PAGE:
1. BoJack Horseman (Netflix) showrunner Raphael Bob-Waksberg, season 3
What It’s About: Washed-up sitcom star, BoJack Horseman (Will Arnett), deals with existential angst and self-hatred as he pitters away his life living in his oversized Los Angeles mansion.
Why It’s Good: I ranked BoJack Horseman as the second best television series of 2015 for its remarkable second season, thinking that dramatic comedy could not get any better. I was wrong. In its third season, Raphael Bob-Waksberg and company outdid themselves. Season three digs even deeper into the self-loathing of washed-up sitcom-star turned Oscar-contender, BoJack Horseman (Will Arnett, giving the best performance on television using only his voice). This season is also more revealing of our society’s current shortcomings. There are the obvious objects of the show’s scorn, including the Hollywood awards system, progressive startups, and sociopolitical debates about hot-topics like abortion. However, as the season moves into its remarkable homestretch, the focus boils down to BoJack’s own self-loathing and endless inability to transform recognition of his limitations into genuine change. BoJack Horseman is a character who distills many of our modern anxieties. His hyper-self-awareness, allergy to emotional connection, endless narcissism, and obsession with how he’s perceived by the world makes him an emblem of the social media era. If art can act as a mirror, then BoJack Horseman is a mirror that reflects our deepest insecurities and anxieties. In the midst of laughter, it shows the brokenness of our own souls.
2. Game of Thrones (HBO) showrunners David Benioff and D.B. Weiss, season 6
What It’s About: The story of the fantasy realm of Westeros, where the great houses plot against each other in order to claim the Iron Throne that holds the Seven Kingdoms together.
Why It’s Good: I would’ve included Game of Thrones on this list for “The Winds of Winter” alone. The impeccable opening of the finale, which saw Queen Cersei eliminate her foes in one green blast of hellish wildfyre, is the best filmmaking the show has ever achieved. If Game of Thrones has often thrived off torturing its characters, and subsequently its viewers, season six finally allowed some triumph in the midst of horror. For example, monsters like Ramsay Bolton were finally dispatched and Daenerys Targaryen finally sailed for Westeros with an army in tow. By going beyond the books, this season allowed the show to refine George R.R. Martin’s often-sprawling storytelling and focus the series on a tale of empowerment through hardship and endurance. Even if Game of Thrones has been a harrowing tale over its six seasons, this past season finally showed that it has hope and morality at its centre. That more than a tale of suffering and desperation, it might actually prove to be a mythic tale of good triumphing over evil that inspires hope and not just despair.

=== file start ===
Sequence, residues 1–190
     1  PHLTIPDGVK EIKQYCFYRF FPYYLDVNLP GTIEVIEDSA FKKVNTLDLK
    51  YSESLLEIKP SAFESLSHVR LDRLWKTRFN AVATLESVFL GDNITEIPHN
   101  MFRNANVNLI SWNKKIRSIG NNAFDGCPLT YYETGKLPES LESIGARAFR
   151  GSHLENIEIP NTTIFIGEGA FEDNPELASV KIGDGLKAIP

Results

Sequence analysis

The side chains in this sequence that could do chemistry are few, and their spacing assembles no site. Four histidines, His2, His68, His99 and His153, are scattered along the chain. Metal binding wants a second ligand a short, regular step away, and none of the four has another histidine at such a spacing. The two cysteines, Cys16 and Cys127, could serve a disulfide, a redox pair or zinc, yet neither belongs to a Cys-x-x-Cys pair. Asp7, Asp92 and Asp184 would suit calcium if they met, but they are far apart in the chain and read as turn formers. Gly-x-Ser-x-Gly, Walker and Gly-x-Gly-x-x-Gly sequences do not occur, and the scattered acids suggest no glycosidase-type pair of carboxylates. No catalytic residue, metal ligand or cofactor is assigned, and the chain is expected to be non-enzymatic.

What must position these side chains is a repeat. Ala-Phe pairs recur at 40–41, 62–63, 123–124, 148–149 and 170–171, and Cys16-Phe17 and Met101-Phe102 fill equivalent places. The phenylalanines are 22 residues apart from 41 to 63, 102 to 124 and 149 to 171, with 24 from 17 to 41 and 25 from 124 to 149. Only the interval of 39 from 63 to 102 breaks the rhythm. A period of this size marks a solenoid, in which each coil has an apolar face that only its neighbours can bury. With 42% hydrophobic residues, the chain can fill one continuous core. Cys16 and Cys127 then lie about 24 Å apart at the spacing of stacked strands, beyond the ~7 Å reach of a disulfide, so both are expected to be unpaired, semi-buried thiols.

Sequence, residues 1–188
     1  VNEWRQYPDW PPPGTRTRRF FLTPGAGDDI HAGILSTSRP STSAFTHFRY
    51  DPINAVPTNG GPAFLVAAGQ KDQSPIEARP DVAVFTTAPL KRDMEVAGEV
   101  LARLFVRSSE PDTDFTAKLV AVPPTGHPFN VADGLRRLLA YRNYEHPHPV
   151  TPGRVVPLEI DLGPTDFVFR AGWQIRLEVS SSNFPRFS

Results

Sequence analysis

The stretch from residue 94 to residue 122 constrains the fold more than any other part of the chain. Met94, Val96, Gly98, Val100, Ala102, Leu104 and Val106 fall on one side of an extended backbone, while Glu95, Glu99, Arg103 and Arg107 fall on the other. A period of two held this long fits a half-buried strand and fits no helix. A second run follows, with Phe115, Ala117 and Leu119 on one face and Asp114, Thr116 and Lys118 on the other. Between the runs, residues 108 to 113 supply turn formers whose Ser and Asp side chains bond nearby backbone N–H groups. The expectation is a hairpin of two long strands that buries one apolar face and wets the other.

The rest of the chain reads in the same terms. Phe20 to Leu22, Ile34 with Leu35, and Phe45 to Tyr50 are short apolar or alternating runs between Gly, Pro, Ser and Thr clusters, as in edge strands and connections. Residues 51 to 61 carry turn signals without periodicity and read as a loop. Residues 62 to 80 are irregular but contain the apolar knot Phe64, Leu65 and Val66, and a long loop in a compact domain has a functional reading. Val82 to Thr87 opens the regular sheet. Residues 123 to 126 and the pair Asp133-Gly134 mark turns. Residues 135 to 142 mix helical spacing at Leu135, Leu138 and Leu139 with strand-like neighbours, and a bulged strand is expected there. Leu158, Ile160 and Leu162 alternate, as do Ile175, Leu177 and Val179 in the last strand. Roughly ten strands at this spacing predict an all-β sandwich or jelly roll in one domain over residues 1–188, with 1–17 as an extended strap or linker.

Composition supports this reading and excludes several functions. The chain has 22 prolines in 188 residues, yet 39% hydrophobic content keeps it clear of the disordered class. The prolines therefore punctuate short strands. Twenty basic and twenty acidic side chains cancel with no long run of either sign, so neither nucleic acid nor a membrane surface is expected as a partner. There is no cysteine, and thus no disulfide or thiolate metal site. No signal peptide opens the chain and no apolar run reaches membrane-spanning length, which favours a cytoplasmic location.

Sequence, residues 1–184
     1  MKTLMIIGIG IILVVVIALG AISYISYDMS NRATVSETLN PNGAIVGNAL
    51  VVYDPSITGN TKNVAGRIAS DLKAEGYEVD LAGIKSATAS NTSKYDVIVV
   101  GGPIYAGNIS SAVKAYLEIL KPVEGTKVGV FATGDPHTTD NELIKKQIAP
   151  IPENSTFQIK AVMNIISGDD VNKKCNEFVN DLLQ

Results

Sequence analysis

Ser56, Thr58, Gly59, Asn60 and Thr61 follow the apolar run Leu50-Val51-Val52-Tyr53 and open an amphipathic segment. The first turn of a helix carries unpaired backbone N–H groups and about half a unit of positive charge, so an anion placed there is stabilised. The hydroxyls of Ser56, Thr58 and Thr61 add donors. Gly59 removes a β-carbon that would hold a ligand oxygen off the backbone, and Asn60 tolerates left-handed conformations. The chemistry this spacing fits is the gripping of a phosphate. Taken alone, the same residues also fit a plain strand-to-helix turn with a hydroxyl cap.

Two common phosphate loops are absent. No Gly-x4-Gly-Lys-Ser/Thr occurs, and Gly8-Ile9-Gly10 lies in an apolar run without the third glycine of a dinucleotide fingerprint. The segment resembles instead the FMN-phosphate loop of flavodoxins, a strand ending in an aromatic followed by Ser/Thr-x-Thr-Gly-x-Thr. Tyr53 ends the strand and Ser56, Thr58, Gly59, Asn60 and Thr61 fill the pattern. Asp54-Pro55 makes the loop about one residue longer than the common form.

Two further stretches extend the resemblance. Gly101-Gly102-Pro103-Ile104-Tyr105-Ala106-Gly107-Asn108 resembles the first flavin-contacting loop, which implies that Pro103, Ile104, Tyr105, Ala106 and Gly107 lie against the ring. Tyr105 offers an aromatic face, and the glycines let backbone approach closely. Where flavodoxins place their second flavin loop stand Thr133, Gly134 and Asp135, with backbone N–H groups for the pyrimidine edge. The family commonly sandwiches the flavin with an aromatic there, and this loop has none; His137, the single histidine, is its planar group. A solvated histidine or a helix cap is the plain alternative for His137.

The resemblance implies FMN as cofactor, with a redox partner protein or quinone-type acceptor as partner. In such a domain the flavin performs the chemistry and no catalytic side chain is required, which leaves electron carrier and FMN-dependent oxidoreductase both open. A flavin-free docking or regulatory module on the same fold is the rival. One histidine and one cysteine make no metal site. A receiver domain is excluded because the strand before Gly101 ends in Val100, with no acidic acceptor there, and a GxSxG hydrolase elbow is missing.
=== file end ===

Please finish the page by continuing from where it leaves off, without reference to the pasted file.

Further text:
3. Better Call Saul (AMC) showrunners Peter Gould and Vince Gilligan, season 2
What It’s About: Con artist-turned criminal lawyer Jimmy McGill (Bob Odenkirk) works hard to show the world he can be a great counselor, even if everyone around him, including his reclusive brother (Michael McKean), thinks he’ll never escape the criminal history of his past.
Why It’s Good: Better Call Saul’s quiet confidence is inspiring within the landscape of modern television. Instead of plowing through mammoth amounts of narrative each episode, this show slows the pace, narrows the focus, and delivers excellent storytelling with a moral centre. Prequels are rarely as good as Better Call Saul. They are also rarely good in ways that are different than their predecessor. Better Call Saul is not Breaking Bad. Its strengths are more in patience than in tension, more in wit than in bombast. It is another morality tale of a good man becoming bad through the pressures of his family and environment, but told with such sympathy for its characters and attention to their flaws as to become a classic American tragedy.
4. Halt and Catch Fire (AMC) showrunners Christopher Cantwell and Christopher C. Rogers, season 3
What It’s About: A look at the personal and professional struggles of four tech prodigies during the height of the personal computing boom of the 1980s.
Why It’s Good: Halt and Catch Fire was a good, if uneven, show in its first season and an even better one in its second season. Its third, which follows the characters as they transition from Texas to Silicon Valley and struggle to stand out in the world of competing IPs, cemented the show as a great one. By depicting how difficult it is to compromise your ideals in order to maintain personal and professional relationships, the show finally matched the dramatic quality of Mad Men, which it has aspired to do since it first aired.
5. The People v. O.J. Simpson: American Crime Story (FX) showrunners Scott Alexander and Larry Karaszewski, season 2
What It’s About: A meticulous reenactment of the “Trial of the Century,” exploring the socio-political themes and personal and professional lives of the lawyers involved in the murder trial of O.J. Simpson in 1995.
Why It’s Good: I did not imagine a show with Ryan Murphy as a key creative component could ever be good, but The People v. O.J. Simpson surprised me. Perhaps it’s that Murphy surrounded himself with professionals who know what they’re doing—the stellar cast, centred by Sarah Paulson, Courtney B. Vance, and especially Sterling K. Brown (giving one of the most sympathetic performances in the history of the medium); the writers Scott Alexander and Larry Karaszewski who understand perspective better than most any people working in television; talented directors Anthony Hemingway and John Singleton who understand the black experience in America in ways that Murphy will never be able to. And Murphy’s own predilection for tawdriness worked into the insanity of the material, which tells a story that epitomizes the many intersections of race, class, and celebrity that make America.